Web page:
• Counseling sessions
  • Court appearances
  • Consulting with doctors or attorneys representing the birth parents
  • Physical examinations
  • Traveling for the adoption


Paid Family Leave allows you to take the time you need, when you need it, to bond with your child, no matter how he or she comes into your life.

With Paid Family Leave as a job protection benefit, eligible employees will be able to return to their positions — or one comparable in pay and benefits — after taking PFL. Paid Family Leave also protects health insurance during leave, mandating that employers continue coverage as though the employee was still working as usual.

PFL vs. DBL — What’s Covered Under Each
Expecting moms can use both NY statutory DBL for pregnancy-related time off and PFL for bonding thereafter, but they cannot be used at the same time. However, they have to be taken consecutively. For example, if your doctor recommends bed rest during a portion of your pregnancy, you can use DBL for that because DBL provides benefits if you can’t work due to your own health condition. After the baby has been born, you can switch to Paid Family Leave to spend time bonding with your new baby — as long as the combination of both DBL and PFL does not exceed 26 weeks in a 52-week period.  It is up to you whether you want to take DBL first and then transition to PFL.  Or, if you prefer, you can skip DBL and only use your PFL time.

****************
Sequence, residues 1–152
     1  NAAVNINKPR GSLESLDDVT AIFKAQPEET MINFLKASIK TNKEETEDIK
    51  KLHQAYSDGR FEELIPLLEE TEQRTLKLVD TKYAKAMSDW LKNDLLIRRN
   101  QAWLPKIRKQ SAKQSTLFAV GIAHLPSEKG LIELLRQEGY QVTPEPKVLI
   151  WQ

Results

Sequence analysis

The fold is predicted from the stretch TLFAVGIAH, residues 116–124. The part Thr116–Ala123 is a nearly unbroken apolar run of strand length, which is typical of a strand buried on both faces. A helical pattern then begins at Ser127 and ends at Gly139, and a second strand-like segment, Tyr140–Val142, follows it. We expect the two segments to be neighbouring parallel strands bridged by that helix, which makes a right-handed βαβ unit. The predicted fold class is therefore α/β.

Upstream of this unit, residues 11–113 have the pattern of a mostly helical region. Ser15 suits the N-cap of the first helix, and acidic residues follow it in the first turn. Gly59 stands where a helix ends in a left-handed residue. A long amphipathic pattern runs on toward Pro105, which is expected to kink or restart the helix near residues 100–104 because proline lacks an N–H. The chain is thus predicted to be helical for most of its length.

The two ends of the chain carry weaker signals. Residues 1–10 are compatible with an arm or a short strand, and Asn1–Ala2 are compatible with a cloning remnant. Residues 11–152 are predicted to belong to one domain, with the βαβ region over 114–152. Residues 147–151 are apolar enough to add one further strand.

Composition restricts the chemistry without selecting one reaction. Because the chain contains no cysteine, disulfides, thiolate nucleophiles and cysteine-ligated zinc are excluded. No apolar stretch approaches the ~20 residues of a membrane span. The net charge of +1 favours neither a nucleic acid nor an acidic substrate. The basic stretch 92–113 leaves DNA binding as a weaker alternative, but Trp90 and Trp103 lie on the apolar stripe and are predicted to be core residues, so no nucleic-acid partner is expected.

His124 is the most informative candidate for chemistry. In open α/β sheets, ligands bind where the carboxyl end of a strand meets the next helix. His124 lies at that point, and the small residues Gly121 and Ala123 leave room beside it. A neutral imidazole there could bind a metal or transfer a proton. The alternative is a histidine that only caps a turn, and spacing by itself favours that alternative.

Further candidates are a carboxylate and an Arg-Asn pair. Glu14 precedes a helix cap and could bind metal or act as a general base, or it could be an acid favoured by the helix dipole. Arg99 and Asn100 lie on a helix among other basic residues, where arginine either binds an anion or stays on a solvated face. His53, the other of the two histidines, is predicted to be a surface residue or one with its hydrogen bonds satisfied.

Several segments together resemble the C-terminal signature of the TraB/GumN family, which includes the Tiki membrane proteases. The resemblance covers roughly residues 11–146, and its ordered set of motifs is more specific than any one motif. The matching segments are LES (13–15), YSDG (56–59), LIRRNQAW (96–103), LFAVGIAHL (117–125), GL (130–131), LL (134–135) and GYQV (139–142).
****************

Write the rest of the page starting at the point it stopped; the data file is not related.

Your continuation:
Since Paid Family Leave can’t be used for yourself, PFL does not cover prenatal conditions resulting from a pregnancy such as bed rest or post-partum depression.

For example, should you suffer from postpartum depression or require surgery after giving birth, you can use DBL time since this is for your personal condition. You could then change to PFL to bond with your child after recovery, starting from the time when you stop your DBL benefits.

If your employer has 50+ employees, they are also subject to FMLA (Family Medical Leave Act), which provides 12 weeks of unpaid time off and job protection. In these situations, Paid Family Leave and FMLA benefits must be coordinated.  


How to Take Paid Family Leave
Step 1 - Notify your Employer

Plan on telling your employer at least 30 days before you anticipate needing to be out and needing Paid Family Leave benefits.  If something unforeseeable happens, Paid Family Leave requires you to provide your employer notice “as soon as practicable,” meaning either the same day, or the next business day you learn you need to take PFL.